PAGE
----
Bean flower thrips, Oriental bean thrips, Asian bean thrips
Megalurothrips usitatus; previously known as Taeniothrips nigricornis
Widespread. Asia, Oceania. It is recorded from Australia, Fiji1, French Polynesia, Kiribati, Papua New Guinea, Tonga, and Tuvalu.
Mostly members of the bean family (Fabaceae); common hosts are cowpea, French bean, pea, peanut, pigeon pea, mung bean, and soybean.
Thrips damage the pods of beans. Infestations begin in the flowers (Photo 1), and pods become twisted,deformedwith reddish-brown russet marks as the thrips feed. Large infestations cause poor pod set, stunted plants, and leaves and flowers to wilt. This species of thrips is not known to spread viruses.
Eggs are laid in slots flowers and leaves cut with the ovipositor; nymphs are yellow at first, but later deep yellow or orange-red. Pupae are formed in the soil. Adults and nymphs are readily seen when opening the flowers. The adults are greyish-brown, with deepest colours on the head and striped abdominal segments (Photo 2).
Spread is by active flight, but also winged adults and nymphs can be picked up by winds and carried long distances.
It is not a major pest of beans in Fiji and it is only occasionally so in Asia. The related species Megalurothrips sjostedtiis considered much more important.In Java, for instance, Megalurothrips usitatus was common on soybean, but crop yields were not affected. In contrast, a 30% yield loss in peanut was recorded in Taiwan, but Megalurothrips usitatus was not the only species present.
Look for the wilting of flowers and leaves, and adult thrips, and nymphs, in the flowers. Because of similarity of Megalurothrips usitatus with other species, specimens should be sent for expert identification. Sticky traps are used to monitor and control some species of thrips, and could be tried for this species.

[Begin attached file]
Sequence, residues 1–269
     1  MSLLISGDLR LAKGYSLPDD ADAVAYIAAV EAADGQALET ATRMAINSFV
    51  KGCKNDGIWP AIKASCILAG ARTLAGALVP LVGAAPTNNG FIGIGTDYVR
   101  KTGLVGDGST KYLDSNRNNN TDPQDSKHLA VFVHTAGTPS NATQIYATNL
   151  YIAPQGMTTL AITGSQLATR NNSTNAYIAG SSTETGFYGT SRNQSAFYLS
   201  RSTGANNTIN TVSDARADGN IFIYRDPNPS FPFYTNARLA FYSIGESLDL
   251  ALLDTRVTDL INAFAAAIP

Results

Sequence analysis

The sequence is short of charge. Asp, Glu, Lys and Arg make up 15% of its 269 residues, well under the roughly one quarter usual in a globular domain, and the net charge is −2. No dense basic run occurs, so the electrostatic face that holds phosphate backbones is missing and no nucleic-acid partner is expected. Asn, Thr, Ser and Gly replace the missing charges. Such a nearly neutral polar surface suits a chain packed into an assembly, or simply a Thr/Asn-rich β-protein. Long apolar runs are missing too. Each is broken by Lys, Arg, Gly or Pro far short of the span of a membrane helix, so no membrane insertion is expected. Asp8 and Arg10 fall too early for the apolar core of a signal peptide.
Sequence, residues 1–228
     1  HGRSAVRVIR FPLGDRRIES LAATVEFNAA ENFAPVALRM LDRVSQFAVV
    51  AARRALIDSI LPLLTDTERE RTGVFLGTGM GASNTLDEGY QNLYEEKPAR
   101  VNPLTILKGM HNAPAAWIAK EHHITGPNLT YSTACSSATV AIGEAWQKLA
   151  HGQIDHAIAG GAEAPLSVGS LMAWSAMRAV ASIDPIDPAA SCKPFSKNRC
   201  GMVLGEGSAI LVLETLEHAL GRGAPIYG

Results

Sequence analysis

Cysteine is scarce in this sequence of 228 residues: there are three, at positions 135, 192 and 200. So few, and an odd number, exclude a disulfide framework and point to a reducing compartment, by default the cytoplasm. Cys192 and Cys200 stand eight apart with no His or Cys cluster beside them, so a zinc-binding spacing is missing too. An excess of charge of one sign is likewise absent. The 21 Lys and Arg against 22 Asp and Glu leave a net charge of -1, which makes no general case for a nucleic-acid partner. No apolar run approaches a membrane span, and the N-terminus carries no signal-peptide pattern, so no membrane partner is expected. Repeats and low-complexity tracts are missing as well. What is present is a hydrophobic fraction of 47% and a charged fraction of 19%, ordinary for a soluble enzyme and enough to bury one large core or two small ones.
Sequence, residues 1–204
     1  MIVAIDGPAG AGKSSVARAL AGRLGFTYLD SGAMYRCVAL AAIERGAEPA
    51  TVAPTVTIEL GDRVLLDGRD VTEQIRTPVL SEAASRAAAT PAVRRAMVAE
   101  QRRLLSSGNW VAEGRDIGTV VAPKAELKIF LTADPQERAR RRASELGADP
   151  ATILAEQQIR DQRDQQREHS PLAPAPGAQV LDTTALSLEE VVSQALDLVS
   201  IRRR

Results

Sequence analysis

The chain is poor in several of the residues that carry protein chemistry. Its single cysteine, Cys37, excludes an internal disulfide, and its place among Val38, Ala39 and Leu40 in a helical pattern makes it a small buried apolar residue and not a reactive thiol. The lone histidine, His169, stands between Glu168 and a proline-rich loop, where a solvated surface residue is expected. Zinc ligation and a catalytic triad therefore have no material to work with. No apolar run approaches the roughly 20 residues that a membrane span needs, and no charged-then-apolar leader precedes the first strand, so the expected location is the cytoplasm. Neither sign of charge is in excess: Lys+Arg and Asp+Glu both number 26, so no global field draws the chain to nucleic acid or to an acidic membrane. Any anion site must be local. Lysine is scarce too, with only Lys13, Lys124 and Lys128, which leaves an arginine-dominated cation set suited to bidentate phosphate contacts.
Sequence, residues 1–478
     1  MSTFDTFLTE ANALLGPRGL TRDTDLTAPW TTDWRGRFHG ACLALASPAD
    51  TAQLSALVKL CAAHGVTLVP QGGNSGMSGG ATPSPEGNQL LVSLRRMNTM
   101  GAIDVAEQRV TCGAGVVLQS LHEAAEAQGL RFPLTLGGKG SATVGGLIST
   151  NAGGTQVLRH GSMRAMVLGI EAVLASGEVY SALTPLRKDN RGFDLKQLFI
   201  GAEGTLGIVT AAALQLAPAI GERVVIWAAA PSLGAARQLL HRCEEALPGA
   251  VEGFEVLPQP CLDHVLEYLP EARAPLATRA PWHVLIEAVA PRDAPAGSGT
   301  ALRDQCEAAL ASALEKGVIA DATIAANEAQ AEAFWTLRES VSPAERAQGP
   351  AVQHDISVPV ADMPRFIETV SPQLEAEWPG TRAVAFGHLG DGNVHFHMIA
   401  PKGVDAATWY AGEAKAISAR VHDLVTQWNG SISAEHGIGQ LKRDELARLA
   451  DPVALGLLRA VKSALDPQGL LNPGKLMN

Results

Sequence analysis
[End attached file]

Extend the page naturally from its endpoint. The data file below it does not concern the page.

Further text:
Several natural enemies feed on thrips. There are predatory thrips, minute pirate bugs, predatory mites, lacewing larvae and ladybird beetles (adults and larvae). Parasitoids have been report (eulophids), but their impact is not well known.
Note, it is best to avoid pesticides to manage thrips, especially those pesticides that are long lasting, as they will destroy populations of beneficial insects. Also, thrips develop resistance to pesticides easily.
It is unlikely that thrips populations will be high enough to justify use of pesticide. In any case, the use of pesticides is likely to do more harm than good, as they will kill natural enemies. Also, thrips tend to hide in sheltered places on plants, and within flower buds they are difficult to reach with pesticides. If pesticides are applied, try plant-derived products (botanical sprays) first, and always try to treat the undersides of the leaves. Do the following:
AUTHOR Grahame Jackson
1Information from Swaine G (1971) Agricultural Zoology in Fiji. Her Majesty's Stationery Office. London; and CABI (2016) Megalurothrips usitatus (bean flower thrips) Crop Protection Compendium. (www.cabi.org/cpc); and from Bean flower thrips (Megalurothrips usitatus) Plantwise Knowledge Bank. (http://www.plantwise.org/KnowledgeBank/Datasheet.aspx?dsID=33140). Photo 1 Desley Tree (2010) Oriental bean flower thrips, Asian bean thrips (Megalurothrips usitatus) PaDIL - http://www.padil.gov.au. Photo 2. Ko Ko Maung, Bugwood.org.
Produced with support from the Australian Centre for International Agricultural Research under project PC/2010/090: Strengthening integrated crop management research in the Pacific Islands in support of sustainable intensification of high-value crop production, implemented by the University of Queensland and the Secretariat of the Pacific Community.
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